The district court grudgingly accepted for the sake of argument that prohibiting discrimination on the basis of sex is a compelling state interest. The basis was a statement by the Supreme Court in the Hobby Lobby case that the “government has a compelling interest in providing an equal opportunity to participate in the workforce without regard to race, and prohibitions on racial discrimination are precisely tailored to achieve that critical goal.”

That line, although not part of the holding in the Hobby Lobby case, is -- or should be -- all-important. Logically, the Supreme Court’s dictum applies to sex discrimination as much as race discrimination.  Thus, when future courts must balance the right of religious liberty against the rights to equal treatment on the basis of sex, they should hold that anti-discrimination wins.

Yet, imitating the Supreme Court’s holding in the Hobby Lobby case, the district court said that requiring the funeral home employer to allow the employee to wear women’s clothes was not the least restrictive means to achieve the goal of combating gender-stereotyping sex discrimination.

The court engaged in a highly specific analysis of whether the law was narrowly tailored as applied to this particular defendant. That’s what the Supreme Court in Hobby Lobby said it was doing. It reasoned that if the EEOC wanted to eliminate gender stereotyping in the workplace, it could have proposed a gender-neutral dress code for all employees. That, the court claimed, would have been a less restrictive means to combat discrimination than requiring the funeral home to allow a biological man to wear a skirt suit.

The court’s least restrictive means analysis is perversely clever. The idea of combating “gender stereotyping” does call into question the absurdity of the funeral home’s policy.  The policy is silly -- and the EEOC could have required its abandonment.

The underlying problem is that the court wasn’t analyzing the case from the standpoint of a transgender person’s own specified identity. The employee here apparently had no inherent objection to the politics of gender-conforming clothing, or to the idea of a gender binary. Once the dress code existed, she simply wanted to wear the gender-stereotyped clothing associated with her gender of identification.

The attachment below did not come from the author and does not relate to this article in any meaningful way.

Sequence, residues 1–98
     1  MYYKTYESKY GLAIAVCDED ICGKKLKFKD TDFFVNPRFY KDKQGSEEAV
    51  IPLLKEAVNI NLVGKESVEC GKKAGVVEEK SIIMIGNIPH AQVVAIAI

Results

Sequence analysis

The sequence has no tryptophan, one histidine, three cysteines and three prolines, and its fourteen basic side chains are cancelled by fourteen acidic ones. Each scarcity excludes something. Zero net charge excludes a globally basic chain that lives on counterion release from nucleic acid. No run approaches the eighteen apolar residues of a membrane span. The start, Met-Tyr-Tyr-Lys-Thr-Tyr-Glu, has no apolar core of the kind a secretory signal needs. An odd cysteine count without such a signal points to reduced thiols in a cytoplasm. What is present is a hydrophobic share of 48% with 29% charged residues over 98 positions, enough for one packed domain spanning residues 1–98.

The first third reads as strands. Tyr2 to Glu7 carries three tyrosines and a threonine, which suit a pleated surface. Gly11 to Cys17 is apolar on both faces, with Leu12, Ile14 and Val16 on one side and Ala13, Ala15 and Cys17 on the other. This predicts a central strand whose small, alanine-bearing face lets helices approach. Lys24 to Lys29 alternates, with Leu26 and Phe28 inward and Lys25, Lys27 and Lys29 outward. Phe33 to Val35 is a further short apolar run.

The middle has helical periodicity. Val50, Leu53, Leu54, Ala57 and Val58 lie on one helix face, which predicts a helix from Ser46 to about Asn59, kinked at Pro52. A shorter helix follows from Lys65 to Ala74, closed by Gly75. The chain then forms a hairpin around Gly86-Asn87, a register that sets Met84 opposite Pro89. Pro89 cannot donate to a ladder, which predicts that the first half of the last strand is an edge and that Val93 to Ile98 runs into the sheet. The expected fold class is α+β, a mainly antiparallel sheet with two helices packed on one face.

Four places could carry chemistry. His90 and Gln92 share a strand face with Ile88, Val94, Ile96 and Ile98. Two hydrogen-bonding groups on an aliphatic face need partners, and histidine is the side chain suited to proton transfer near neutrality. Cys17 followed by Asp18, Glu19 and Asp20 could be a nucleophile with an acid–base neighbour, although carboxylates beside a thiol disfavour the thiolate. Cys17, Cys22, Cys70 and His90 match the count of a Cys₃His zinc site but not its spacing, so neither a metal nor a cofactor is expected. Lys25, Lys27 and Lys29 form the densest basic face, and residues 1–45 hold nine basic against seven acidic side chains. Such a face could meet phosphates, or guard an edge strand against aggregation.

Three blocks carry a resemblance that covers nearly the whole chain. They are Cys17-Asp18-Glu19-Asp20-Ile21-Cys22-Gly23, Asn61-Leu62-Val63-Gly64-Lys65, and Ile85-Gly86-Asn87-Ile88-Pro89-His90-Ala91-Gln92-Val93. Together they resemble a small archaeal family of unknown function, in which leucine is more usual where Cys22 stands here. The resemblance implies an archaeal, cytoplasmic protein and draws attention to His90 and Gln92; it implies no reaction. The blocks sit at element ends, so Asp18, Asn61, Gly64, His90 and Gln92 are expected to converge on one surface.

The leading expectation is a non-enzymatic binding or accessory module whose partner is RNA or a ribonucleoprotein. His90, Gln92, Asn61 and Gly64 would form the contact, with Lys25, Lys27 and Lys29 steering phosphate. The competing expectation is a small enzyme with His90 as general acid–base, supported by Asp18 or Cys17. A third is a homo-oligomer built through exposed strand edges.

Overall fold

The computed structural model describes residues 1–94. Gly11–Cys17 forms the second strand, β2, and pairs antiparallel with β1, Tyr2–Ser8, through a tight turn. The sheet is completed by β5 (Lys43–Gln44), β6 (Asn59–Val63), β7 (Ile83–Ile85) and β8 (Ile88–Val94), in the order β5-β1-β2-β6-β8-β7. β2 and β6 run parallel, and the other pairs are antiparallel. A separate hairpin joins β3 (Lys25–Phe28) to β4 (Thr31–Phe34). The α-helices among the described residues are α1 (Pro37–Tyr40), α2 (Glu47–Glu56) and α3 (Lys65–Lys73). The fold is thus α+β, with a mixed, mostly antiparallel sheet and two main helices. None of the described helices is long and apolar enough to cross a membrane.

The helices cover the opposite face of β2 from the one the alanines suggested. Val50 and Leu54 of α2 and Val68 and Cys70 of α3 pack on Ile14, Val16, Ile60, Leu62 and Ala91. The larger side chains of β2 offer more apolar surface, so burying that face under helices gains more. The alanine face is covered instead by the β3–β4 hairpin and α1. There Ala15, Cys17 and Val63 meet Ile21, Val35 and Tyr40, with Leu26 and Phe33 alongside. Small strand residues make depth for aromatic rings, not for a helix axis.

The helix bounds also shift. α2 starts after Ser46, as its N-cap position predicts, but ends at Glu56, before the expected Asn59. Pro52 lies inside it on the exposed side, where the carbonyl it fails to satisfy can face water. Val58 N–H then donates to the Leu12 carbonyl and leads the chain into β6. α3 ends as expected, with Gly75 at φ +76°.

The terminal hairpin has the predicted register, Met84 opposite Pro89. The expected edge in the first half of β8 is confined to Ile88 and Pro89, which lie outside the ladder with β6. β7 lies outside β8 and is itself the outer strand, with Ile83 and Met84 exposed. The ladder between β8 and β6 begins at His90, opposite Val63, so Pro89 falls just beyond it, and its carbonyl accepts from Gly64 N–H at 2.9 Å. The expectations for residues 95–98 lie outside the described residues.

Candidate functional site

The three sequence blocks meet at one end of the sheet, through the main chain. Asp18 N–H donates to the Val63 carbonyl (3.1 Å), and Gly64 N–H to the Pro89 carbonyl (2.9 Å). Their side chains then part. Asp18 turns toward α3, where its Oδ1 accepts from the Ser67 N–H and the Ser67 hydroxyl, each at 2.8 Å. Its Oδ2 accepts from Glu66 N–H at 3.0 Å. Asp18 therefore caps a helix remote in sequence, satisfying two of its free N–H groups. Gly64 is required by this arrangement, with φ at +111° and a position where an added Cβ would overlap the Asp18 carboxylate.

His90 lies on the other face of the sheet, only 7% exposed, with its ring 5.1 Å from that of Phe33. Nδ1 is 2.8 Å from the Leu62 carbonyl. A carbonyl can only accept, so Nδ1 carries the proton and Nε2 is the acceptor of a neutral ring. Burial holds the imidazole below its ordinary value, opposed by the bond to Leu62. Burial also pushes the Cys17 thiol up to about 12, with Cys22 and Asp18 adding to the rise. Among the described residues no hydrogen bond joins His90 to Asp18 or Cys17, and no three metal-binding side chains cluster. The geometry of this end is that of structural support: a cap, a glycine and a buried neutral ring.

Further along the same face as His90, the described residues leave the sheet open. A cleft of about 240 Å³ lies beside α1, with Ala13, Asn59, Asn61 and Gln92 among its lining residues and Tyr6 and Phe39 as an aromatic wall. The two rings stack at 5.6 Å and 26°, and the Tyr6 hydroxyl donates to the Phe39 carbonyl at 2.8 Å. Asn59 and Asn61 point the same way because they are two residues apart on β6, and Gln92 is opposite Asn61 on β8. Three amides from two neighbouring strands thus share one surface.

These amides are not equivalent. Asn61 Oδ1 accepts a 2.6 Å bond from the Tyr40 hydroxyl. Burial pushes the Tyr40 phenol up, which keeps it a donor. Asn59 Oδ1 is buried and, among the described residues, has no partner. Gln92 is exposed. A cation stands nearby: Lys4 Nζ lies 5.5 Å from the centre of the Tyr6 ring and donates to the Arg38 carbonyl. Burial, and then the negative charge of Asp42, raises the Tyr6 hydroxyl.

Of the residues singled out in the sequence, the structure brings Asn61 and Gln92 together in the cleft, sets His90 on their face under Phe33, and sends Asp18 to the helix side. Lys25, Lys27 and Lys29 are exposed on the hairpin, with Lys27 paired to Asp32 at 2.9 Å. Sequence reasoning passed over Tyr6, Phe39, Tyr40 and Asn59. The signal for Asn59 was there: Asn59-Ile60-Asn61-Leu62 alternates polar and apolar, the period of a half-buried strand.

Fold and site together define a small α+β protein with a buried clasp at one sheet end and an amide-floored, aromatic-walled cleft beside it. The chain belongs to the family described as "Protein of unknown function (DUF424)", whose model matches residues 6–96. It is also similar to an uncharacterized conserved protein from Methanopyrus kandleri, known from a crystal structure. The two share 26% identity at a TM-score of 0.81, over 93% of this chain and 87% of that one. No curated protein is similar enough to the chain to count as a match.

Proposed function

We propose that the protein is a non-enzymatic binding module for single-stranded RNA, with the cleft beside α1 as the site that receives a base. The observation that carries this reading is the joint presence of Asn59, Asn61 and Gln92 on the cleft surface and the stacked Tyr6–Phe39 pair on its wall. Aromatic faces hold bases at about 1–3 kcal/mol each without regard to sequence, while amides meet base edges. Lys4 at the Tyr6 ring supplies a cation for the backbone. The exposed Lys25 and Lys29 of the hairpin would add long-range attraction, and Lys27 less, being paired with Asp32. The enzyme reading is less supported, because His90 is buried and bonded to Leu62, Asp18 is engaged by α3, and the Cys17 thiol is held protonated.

The solution is for courts to recognize that discriminating against somebody for gender identification is itself a prohibited form of sex discrimination. The least restrictive means to achieve that goal is to let people choose their gender identification. That would have produced the right result in this case -- and in future ones as well.

  1. The district court seemed to deny this, but did not say why there should be a difference.

  2. One commentator says it “will almost certainly be overturned” because the court made up the least restrictive means analysis. I’m less certain -- because that is essentially what the majority did in the Hobby Lobby case.

  3. Of course, requiring a uniform dress code would arguably have made the EEOC do more, not less than it actually did. Restructuring the funeral home’s entire dress code to eliminate gender stereotyping is probably more intrusive than simply requiring the funeral home to let employees choose their own gender-stereotyped outfit. It’s also true that the funeral home could have adopted the policy itself. But technically, the least restrictive means is a requirement on the government, not the private actor.

This column does not necessarily reflect the opinion of the editorial board or Bloomberg LP and its owners.

To contact the author of this story:
Noah Feldman at nfeldman7@bloomberg.net

To contact the editor responsible for this story:
Stacey Shick at sshick@bloomberg.net